Making a difference
John Holland, a singularly owned subsidiary of Leighton Holdings Limited, is one of Australia’s premier specialists in engineering and contracting. Over the last 60 years, they have developed a longstanding reputation for quality results in a broad range of building sectors – including the health sector, where they have delivered many of the country’s leading hospitals and other medical facilities.
Over time, John Holland have earned a deep understanding of managing technical and complex health projects, and they have built many longstanding relationships with some of the industry’s most reputable providers.
Their relationship with Ramsay Health Care, for example, has spanned more than a decade. Together, the two companies have partnered on a number of key health projects, including several upgrades to the Hollywood Private Hospital. Most recently, they worked together on the award-winning Joondalup Health Campus Redevelopment.
Jay Whitman, who has been with John Holland since 2001, was the project manager for the redevelopment. He has been with the company since before he finished earning his Degree in Civil Construction and Engineering at Curtin University, WA. He worked his way through graduate and site engineering roles before he landed his position on the Joondalup Health Campus Redevelopment.
John Holland began work on the project in June 2009 and completed in October 2013, with an overall cost of $393 million.
A healthy atmosphere
The redevelopment was jointly funded by the Western Australian Government and Ramsay Healthcare, and was undertaken across seven key phases, beginning with an upgrade to access roads and car parking facilities. The project also included the construction of a new central plant building, three-level public ward block, emergency department, private ward block, a St John Ambulance centre, parking for 1500 cars, and a new childcare facility.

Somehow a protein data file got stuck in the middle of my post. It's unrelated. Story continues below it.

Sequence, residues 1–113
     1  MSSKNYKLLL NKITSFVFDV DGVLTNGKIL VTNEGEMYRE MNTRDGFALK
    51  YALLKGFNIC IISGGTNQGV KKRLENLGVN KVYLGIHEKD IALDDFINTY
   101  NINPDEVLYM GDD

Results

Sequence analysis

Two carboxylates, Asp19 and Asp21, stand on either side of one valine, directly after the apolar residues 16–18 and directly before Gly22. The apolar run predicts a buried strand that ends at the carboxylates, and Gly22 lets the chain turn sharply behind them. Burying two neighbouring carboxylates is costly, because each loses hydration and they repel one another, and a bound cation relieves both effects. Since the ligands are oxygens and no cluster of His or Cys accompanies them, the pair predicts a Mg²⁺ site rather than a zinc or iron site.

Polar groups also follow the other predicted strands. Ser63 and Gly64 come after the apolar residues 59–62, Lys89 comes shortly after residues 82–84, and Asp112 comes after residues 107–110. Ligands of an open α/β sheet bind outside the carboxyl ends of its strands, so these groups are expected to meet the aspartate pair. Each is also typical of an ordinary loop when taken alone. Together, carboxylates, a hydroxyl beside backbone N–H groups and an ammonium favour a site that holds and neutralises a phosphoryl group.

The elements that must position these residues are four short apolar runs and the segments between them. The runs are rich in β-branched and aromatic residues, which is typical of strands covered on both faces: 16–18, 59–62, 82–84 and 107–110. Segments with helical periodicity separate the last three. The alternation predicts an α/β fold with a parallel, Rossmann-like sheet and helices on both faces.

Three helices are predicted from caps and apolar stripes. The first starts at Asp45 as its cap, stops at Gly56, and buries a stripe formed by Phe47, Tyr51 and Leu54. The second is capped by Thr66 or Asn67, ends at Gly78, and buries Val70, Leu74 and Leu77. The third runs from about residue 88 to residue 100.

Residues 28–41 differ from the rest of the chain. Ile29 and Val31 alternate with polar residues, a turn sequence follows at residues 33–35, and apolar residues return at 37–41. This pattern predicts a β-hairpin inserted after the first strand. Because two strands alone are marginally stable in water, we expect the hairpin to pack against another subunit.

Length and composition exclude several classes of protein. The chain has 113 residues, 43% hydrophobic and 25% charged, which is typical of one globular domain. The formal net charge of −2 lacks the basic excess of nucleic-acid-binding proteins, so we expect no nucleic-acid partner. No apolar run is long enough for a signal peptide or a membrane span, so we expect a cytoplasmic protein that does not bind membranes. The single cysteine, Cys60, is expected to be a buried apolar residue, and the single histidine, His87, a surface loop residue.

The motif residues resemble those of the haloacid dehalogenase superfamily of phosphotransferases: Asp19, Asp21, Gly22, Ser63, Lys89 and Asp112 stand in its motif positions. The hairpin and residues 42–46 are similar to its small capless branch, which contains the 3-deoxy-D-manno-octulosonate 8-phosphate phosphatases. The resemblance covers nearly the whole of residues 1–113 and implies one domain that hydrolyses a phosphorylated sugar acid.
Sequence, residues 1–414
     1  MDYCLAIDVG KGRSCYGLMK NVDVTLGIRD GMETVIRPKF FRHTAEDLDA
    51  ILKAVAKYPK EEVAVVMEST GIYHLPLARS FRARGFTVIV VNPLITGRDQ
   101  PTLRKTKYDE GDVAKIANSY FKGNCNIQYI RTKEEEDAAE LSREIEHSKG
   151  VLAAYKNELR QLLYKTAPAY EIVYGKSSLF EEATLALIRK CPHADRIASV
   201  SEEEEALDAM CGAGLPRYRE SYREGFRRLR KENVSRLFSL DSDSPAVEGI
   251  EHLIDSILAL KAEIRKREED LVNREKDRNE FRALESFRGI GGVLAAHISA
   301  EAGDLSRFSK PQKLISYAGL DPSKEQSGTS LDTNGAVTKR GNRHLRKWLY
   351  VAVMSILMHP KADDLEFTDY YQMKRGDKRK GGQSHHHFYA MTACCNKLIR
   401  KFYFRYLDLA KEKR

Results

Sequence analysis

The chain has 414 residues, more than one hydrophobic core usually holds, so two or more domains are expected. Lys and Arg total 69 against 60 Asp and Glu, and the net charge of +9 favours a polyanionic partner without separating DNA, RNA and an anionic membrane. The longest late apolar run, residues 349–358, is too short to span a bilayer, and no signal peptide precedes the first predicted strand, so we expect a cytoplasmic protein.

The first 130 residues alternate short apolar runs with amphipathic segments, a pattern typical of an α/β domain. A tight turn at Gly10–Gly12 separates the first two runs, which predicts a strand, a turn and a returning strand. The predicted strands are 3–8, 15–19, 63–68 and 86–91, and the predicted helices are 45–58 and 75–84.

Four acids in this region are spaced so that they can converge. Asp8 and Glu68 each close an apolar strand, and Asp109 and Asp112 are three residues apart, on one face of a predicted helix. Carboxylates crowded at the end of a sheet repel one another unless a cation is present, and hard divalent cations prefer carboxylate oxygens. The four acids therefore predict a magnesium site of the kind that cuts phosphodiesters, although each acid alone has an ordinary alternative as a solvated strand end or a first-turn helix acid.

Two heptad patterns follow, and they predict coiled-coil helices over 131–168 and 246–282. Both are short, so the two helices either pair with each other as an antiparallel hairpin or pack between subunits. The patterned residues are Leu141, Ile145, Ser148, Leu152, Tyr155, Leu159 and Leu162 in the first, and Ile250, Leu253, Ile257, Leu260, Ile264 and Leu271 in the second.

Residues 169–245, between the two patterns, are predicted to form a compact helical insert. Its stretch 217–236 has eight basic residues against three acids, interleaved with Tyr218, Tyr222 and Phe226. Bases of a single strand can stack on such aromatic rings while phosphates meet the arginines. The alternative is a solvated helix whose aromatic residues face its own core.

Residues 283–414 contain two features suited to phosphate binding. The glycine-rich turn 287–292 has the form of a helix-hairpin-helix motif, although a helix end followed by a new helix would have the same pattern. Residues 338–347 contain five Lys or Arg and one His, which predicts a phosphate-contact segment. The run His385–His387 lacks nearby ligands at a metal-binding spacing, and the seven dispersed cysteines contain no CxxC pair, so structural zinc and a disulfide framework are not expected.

To ensure the project was delivered within budget and to a high standard of workmanship, John Holland’s own project team was involved at an early stage, and interacted frequently with the client, subcontractors, and architects at Silver Thomas Hanley. This close collaboration began prior to contract award, and continued throughout the life of the project – which proved to be immensely valuable.
“As a team, it was important we adapted to the changing scope of works and remained flexible, as the scope of works and sequence were modified a number of times,” Jay explains. “This required the team to develop unique construction solutions to meet the client’s needs.
During the design phase, the John Holland team worked hard to build on their pre-existing relationship with the client, as well as develop a deeper trust.As a result, they were able to be actively involved in the design process throughout construction, even though they weren’t contractually responsible.
“Our role was to ensure the design met the project budget and could be delivered within the project timeline,” Jay says. “This required our team to meet regularly with the design team to achieve a balance between design features,budget, and constructability. The client’s project manager was supportive of this process and valued our input.”
Additionally, John Holland developed strong affiliations with the subcontractors on the project, many of whom they had already worked with on previous projects. By holding interviews, they were able to ensure that everyone on site was prepared to adapt to the John Holland way of building – which meant following their safety procedures, and being willing and flexible enough to overcome technical challenges.